Agencies come together to compile services list
March 30, 2023
Did you know that you can check out a blood pressure monitor at the county library? That you can get help from senior services to clip your toenails if you are unable to reach your feet? That there are thousands of sandbags available through the emergency management department to protect your home in the event of a flood?
Crook County’s various agencies and institutions have these health and human needs services available and many more besides. But do members of the public know they exist, or where and how to access them?
This question was troubling Trish Habeck, Crook County Public Health Response Coordinator. The best way to answer it, she decided, would be to bring together representatives from agencies around the county to compile a list of all the resources available.
The next step after that, of course, will be to make that list available to the community – and also to circulate it within the group of service providers themselves, so that each of them are aware of what’s available for a member of the public who comes to them with a need.
This project began on Wednesday morning with a meeting that brought together service providers ranging from medical services and family violence services to the libraries, chronic care management, public health, county offices, fire departments, county offices, Medicaid, assisted living, law enforcement, DFS and emergency management.
Micki Lyons, CEO of Crook County Medical Services District, kicked off the meeting by explaining that she and Habeck had been having conversations, “About not knowing what services are provided in our county. If we need something for a patient, who can we go to?”
There’s benefit, she said, in getting together as a group to put faces to names and share information about what service providers can do for each other towards the ultimate goal of helping members of the public.
“We’re all here for the same reason,” she said. “We all want to take care of the people in Crook County, and so how can we best do that?”
Attendees shared various examples of the services that many might not be aware exist, such as a translation service available through Habeck that also includes sign language; lockable boxes for medicines through Crook County Prevention; or training classes for CPR and FireWise.
Emergency Management Coordinator Ed Robinson cautioned against allowing the project to reduce its focus to just medical needs. He gave examples from his own department of the kind of services that the community might benefit from, such as a two-week emergency readiness program, critical incident response training and the availability of extra radios.
“Once we have all the resources in the county, I would like to get a PowerPoint together,” said Habeck. Her goal, she said, would be for that presentation to roll constantly at places such as Public Health, providing information to visitors.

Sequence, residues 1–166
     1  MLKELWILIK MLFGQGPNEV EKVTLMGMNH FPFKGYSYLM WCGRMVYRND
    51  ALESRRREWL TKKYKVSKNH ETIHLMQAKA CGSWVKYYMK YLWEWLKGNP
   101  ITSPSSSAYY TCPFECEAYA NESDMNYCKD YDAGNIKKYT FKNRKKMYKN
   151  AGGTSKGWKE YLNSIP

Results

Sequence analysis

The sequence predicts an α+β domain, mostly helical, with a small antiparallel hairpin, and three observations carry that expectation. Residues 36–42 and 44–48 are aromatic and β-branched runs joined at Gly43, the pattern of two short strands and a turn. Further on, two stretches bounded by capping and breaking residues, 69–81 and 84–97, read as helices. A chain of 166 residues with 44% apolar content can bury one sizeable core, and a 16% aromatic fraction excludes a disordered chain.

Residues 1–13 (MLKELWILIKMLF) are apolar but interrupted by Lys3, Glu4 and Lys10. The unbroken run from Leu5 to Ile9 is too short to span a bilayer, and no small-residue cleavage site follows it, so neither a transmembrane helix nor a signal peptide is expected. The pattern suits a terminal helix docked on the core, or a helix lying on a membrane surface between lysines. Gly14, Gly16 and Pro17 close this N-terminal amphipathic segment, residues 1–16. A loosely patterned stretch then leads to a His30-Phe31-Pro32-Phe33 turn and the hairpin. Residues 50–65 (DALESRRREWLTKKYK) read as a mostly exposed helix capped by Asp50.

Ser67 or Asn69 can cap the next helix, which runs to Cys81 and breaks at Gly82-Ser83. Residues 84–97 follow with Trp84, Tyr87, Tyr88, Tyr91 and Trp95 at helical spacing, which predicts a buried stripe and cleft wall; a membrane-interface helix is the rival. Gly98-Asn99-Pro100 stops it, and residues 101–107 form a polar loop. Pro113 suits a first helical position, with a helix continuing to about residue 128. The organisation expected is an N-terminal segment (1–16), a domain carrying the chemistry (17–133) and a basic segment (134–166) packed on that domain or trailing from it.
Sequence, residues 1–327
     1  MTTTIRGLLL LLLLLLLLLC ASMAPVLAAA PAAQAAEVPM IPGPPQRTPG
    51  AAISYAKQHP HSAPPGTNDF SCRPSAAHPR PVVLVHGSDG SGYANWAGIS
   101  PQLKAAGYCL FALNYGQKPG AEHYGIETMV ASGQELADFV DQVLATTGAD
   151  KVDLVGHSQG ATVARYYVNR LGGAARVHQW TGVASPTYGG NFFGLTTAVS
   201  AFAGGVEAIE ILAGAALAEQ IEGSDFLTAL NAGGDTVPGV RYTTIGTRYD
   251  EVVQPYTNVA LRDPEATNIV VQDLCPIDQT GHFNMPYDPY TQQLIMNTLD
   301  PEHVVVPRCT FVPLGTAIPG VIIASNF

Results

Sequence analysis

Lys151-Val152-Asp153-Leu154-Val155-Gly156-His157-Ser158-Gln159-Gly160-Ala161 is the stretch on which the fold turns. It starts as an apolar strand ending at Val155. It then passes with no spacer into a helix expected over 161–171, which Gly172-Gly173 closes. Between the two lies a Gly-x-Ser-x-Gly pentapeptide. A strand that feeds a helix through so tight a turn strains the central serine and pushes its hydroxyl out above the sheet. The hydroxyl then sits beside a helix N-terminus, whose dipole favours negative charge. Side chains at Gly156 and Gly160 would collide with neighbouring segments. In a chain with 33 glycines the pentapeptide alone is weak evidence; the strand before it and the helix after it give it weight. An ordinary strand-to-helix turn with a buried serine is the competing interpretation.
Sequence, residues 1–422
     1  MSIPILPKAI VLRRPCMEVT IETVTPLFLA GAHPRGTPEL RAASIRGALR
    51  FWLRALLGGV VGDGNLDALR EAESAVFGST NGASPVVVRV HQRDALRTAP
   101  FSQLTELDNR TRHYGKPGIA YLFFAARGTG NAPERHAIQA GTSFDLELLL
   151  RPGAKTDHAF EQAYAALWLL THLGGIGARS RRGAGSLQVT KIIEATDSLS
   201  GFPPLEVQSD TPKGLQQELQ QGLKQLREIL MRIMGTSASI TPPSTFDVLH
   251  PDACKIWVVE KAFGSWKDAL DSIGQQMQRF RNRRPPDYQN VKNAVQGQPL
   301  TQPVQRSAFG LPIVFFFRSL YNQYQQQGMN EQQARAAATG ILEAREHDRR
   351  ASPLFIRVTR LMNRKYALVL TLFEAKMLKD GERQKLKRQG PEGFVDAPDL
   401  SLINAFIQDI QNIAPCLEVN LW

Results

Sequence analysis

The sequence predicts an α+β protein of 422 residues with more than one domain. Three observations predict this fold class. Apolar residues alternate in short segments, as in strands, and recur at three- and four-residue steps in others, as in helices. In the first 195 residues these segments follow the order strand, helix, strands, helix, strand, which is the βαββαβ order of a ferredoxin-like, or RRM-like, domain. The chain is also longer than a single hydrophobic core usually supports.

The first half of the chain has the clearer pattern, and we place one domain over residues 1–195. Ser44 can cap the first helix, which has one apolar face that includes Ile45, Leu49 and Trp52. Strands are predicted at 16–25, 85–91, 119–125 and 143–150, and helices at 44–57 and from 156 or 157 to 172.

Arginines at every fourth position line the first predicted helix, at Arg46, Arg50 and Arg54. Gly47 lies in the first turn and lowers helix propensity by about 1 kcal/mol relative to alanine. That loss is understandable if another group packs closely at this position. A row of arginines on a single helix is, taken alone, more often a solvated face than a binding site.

The group discussed several other potential ways to publish the data, with Habeck stating that she would like to see the community “saturated” with possible ways to access the information they might need.
A website was the first suggestion, for example. County Commissioner Bob Latham, also representing the Sundance Fire Department, suggested Facebook as a possibility, though Public Health Nurse Manager Carol Stutzman pointed out that the social media site is mainly only used by the older generations, while younger members of the community prefer online hangouts such as Instagram and Snapchat.
But what of those who don’t have access to the internet? The most vulnerable in a community can’t necessarily afford regular access, while Crook County is a rural area.
The group had numerous ideas for offline methods, too. Robinson, for example, suggested flyers placed in the baskets at the grocery store.
For the homebound, flyers could be sent out with Meals on Wheels or attached to utility bills. Information could be posted at the food banks or at the schools and banks.
Lyons stressed the importance of making sure that all of Crook County’s communities are represented. The group that gathered on Wednesday was relatively biased towards Sundance, she pointed out, but it’s important that Hulett, Moorcroft and Pine Haven are also included.
Robinson added that non-governmental entities will also be important resources, listing examples such as physical therapy, home health and fire auxiliaries.
At the suggestion of Lyons, it was decided that everyone in the room would put a list together of the services they provide and give it to Habeck, including contact information.
“Then we can at least compile that and decide from there what further meetings we should have and how to put it together,” she said.
Meanwhile, a second list will be compiled of other entities that the group would like to invite to the next meeting to ensure that the services directory is as comprehensive as possible.
The group set a deadline of April 14 to submit this information to Habeck, after which another meeting date will be scheduled.